Early Origins of the Colefield family
Fermanagh (Irish: Fear Manach) in the southwestern part of Northern Ireland, Province of Ulster, where they held a family seat from ancient times. They were directly descended from King Colla da Crioch through the Maguires, Princes of Fermanagh. Castle Caulfield is a large ruined house in Castlecaulfield, County Tyrone. At one time, the building was three stories high with large windows and tall chimney stacks. A wooden joist from the castle eludes to the age of the building as about 1282. The Caulfeild Coat of Arms is still seen over the entrance. Nearby, Sir Toby Caulfeild, 1st Baron Caulfeild (1565–1627) built a house on the site of an earlier O'Donnelly castle. It was burned in the Irish Rebellion of 1641, but was rebuilt in the 1660s. Today Castle Caulfield is a ruin and declared a State Care Historic Monument.
Early History of the Colefield family
Another 437 words (31 lines of text) covering the years 1565, 1627, 1607, 1587, 1640, 1621, 1642, 1622, 1642, 1624, 1671, 1726, 1682, 1734, 1685, 1716, 1715 and 1717 are included under the topic Early Colefield History in all our PDF Extended History products and printed products wherever possible.
Colefield Spelling Variations
spelling variations were revealed in the search for the origin of the name Colefield family name. Variations found include Caulfeild, Caulkin, Calfkins, Cawlfield, Cawfield, MacCaul, MacCawell and many more.
Early Notables of the Colefield family (pre 1700)
Baron Caulfeild; Toby Caulfeild (1621-1642), 3rd Baron Caulfeild; Robert Caulfeild (1622-1642), 4th Baron Caulfeild; William Caulfeild, 1st Viscount...
Another 31 words (2 lines of text) are included under the topic Early Colefield Notables in all our PDF Extended History products and printed products wherever possible.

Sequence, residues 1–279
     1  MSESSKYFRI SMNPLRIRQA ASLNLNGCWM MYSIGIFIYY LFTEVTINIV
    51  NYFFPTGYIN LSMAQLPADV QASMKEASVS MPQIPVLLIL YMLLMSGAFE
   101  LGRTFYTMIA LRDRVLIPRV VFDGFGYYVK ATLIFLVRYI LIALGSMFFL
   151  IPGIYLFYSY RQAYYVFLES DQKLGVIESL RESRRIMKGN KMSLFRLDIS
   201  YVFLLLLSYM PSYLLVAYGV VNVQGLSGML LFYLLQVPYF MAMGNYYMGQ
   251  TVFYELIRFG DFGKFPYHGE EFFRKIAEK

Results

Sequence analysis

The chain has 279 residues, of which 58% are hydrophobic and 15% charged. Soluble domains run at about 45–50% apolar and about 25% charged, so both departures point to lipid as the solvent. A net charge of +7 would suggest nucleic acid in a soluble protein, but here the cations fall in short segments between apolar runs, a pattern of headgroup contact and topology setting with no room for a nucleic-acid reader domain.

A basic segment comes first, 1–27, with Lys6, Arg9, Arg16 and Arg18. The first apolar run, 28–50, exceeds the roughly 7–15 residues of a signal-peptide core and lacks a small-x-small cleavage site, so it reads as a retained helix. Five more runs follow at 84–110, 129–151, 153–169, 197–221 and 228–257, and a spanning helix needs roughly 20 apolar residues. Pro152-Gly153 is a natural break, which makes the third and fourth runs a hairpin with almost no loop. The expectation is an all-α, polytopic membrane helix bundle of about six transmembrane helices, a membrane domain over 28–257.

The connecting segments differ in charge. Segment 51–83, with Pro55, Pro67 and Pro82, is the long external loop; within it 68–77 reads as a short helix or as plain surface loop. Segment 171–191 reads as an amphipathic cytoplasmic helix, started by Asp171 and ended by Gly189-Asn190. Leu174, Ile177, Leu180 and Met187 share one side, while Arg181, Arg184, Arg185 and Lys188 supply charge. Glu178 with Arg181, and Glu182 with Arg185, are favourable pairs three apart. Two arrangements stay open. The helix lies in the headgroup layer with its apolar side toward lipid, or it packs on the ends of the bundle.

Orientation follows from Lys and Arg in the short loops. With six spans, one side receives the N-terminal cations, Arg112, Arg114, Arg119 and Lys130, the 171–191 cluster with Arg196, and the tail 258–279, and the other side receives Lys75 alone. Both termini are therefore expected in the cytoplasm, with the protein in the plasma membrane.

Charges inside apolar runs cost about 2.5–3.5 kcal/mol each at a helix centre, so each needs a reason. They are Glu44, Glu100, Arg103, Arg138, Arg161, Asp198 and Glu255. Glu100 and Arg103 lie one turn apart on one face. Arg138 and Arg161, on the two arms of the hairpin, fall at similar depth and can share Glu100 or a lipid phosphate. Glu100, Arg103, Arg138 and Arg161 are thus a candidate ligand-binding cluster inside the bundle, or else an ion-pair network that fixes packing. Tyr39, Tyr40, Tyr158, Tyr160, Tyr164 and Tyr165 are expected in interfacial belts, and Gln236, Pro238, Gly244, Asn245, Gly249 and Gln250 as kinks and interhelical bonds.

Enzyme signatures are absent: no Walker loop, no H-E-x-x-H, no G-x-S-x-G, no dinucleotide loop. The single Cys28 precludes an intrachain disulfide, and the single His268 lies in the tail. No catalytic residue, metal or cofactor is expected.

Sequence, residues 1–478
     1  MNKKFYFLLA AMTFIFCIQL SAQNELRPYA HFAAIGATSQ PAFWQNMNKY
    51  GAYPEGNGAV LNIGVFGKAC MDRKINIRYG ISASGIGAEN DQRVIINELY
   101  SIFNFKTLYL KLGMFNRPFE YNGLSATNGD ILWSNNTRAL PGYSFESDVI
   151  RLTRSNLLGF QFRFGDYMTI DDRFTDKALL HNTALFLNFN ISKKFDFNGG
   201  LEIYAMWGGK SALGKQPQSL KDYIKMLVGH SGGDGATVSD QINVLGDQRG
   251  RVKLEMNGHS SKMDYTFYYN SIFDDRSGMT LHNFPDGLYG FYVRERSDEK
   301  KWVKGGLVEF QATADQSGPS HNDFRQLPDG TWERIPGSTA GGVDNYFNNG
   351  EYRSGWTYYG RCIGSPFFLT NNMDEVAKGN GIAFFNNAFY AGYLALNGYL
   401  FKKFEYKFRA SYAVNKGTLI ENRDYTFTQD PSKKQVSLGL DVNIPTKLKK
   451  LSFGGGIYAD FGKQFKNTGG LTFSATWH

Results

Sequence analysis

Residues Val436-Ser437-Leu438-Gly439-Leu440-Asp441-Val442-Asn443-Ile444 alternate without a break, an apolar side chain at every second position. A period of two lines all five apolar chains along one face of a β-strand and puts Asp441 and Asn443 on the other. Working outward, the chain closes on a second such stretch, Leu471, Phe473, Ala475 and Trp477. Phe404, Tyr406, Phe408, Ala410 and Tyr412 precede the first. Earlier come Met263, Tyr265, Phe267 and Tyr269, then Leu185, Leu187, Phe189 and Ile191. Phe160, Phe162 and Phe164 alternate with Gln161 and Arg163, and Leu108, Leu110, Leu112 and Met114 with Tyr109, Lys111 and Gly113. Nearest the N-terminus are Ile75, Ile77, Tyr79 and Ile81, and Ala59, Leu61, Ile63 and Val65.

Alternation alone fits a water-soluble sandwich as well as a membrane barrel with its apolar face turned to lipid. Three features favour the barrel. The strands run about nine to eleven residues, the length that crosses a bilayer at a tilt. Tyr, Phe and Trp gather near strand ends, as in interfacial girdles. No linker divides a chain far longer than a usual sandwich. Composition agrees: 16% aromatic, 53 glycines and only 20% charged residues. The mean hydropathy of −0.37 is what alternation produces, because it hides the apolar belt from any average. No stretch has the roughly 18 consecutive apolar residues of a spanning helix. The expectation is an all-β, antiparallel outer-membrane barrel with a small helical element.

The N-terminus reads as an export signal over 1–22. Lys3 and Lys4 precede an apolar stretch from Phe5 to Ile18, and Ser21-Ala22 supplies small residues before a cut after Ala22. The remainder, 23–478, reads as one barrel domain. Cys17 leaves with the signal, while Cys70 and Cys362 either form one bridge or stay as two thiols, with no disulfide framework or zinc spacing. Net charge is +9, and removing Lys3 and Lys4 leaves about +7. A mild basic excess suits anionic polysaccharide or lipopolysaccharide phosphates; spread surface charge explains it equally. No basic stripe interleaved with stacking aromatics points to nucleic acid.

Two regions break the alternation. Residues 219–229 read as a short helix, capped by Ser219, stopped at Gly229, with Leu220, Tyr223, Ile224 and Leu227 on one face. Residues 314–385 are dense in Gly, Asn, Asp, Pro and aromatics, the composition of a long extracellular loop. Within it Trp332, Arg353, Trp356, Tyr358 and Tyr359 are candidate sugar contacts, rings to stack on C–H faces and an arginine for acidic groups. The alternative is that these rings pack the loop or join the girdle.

Migration of the Colefield family to the New World and Oceana
During the 19th century thousands of impoverished Irish families made the long journey to British North America and the United States. These people were leaving a land that had become beset with poverty, lack of opportunity, and hunger. In North America, they hoped to find land, work, and political and religious freedoms. Although the majority of the immigrants that survived the long sea passage did make these discoveries, it was not without much perseverance and hard work: by the mid-19th century land suitable for agriculture was short supply, especially in British North America, in the east; the work available was generally low paying and physically taxing construction or factory work; and the English stereotypes concerning the Irish, although less frequent and vehement, were, nevertheless, present in the land of freedom, liberty, and equality for all men. The largest influx of Irish settlers occurred with Great Potato Famine during the late 1840s. Research into passenger and immigration lists has brought forth evidence of the early members of the Colefield family in North America: Mary Caulfield, her husband Thomas and one child, settled in Charles Town [Charleston], South Carolina in 1822; Charlotte Caulfield settled in New Orleans in 1823.
The Colefield Motto
The motto was originally a war cry or slogan. Mottoes first began to be shown with arms in the 14th and 15th centuries, but were not in general use until the 17th century. Thus the oldest coats of arms generally do not include a motto. Mottoes seldom form part of the grant of arms: Under most heraldic authorities, a motto is an optional component of the coat of arms, and can be added to or changed at will; many families have chosen not to display a motto.
Motto: Deo duce ferro comitante
Motto Translation: God is my guide,and my sword is my companion.
Colefield Family Crest Products